Customer relationships are, and should be, a top concern of your sales team. If your clients and prospects don’t feel that your business values them, they’ll simply move on to another company. However, there must be a separation between relationship building and always agreeing with what’s important to the customer. Focusing only on reinforcing the customer’s perspectives can keep your sales team from providing real value to clients and prospects. The definition of a customer relationship is in a state of flux, as is the role of the salesperson. By focusing on outdated notions, your sales team could be missing opportunities to provide clients with exceptional value—the kind of value that leads to return business. If your sales team is missing targets, you may need to re-examine what customer importance means to your team.
There was a time when a building customer relationship meant putting the customer on a pedestal. A salesperson would listen to their problems, and then propose solutions that fit the customer’s understanding of the problem. No effort was made to challenge a customer’s ideas—the goal was simply to sell them a ready-made solution for a preconceived problem. That model doesn’t work anymore. Customers are more educated and informed than ever before, and have more resources at hand to work with. In short, if all your sales team provides is solutions, the customer simply doesn’t need them. Solutions can be identified with a simple internet search, and purchased at a discount online.
Challenging the Customer
This changing paradigm makes it especially important to find the right approach as quickly as possible. Most customers are doing basic buying research for themselves—identifying problems and solutions long before they interact with a salesperson. By the time they contact your sales team, they already have a vision of the path from problem to solution and the only role your team plays is to try and bid low enough to be the solutions provider. If the vision isn’t disrupted, your sales team will end up in a bidding war that nobody can win.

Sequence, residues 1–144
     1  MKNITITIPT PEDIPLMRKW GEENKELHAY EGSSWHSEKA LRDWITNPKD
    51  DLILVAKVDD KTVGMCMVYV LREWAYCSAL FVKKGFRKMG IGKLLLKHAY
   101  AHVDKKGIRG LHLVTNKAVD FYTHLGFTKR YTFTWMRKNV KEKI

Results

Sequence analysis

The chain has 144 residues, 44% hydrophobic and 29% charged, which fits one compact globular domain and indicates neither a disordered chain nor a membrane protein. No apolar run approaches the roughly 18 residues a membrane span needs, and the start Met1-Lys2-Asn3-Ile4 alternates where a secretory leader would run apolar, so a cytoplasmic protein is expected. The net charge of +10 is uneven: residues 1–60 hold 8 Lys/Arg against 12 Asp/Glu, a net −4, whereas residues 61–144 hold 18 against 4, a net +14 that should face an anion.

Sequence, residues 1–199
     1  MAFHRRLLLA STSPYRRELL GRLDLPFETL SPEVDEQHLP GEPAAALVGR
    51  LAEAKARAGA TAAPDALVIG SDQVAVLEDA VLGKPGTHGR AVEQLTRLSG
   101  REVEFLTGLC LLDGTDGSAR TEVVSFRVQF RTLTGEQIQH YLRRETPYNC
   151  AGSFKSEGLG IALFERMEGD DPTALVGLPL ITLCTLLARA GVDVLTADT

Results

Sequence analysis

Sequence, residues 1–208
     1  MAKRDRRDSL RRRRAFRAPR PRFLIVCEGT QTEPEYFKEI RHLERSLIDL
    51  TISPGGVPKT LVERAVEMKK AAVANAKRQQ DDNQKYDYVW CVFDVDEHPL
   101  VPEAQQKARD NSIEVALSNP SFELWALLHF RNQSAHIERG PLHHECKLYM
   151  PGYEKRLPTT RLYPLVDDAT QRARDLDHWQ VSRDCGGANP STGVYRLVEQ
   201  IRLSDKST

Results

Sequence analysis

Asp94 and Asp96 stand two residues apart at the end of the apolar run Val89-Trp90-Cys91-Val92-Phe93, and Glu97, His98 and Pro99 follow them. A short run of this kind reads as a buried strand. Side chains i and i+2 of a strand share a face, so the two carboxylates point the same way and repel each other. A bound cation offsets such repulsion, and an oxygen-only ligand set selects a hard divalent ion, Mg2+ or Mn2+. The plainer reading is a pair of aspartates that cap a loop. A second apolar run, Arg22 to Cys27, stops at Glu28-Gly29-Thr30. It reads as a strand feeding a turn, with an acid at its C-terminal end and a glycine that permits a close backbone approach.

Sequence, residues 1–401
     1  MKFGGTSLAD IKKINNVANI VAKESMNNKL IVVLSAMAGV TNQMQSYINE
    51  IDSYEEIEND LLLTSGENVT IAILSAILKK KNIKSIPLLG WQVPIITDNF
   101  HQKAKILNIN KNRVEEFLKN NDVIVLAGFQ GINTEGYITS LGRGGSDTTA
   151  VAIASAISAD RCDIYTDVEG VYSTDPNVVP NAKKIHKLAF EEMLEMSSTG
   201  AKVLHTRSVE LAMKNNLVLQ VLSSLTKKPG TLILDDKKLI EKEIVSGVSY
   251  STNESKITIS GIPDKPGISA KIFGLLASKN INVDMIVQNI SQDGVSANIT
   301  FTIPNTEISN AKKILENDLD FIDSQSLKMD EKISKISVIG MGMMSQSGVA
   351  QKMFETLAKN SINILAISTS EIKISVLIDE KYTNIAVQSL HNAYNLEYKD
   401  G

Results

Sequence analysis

It’s the job of your sales team to identify risks and challenges that customers have overlooked. Using their insights into the industry, their customers, and their competitors, your sales team can look beyond the obvious and identify unforeseen issues that lay ahead. Those insights allow them to disrupt the established vision of the customer, forcing them to consider, and engage with, the issues raised by your sales team. This demonstrates considerable value, and helps establish your sales team as a valuable partner, instead of a simple supplier.
Changing With the Times
The Insight Sales Process™ a new way to build customer relationships. There was a time that it was considered good business to treat customers like royalty and never challenge or contradict them. That system is no longer viable. To demonstrate true value, your sales team has to be able to find the things that are important to the customer, even if those things contradict the customer's preconceived ideas. Your salespeople have to be willing to challenge customers, and push them in directions they hadn't previously considered. This will lead to a more trusting and consultative relationship where the customer shares insights that can be used to align unparalleled value. Otherwise, your sales team will be relegated to the role of a commodity supplier in a market filled with competitive suppliers.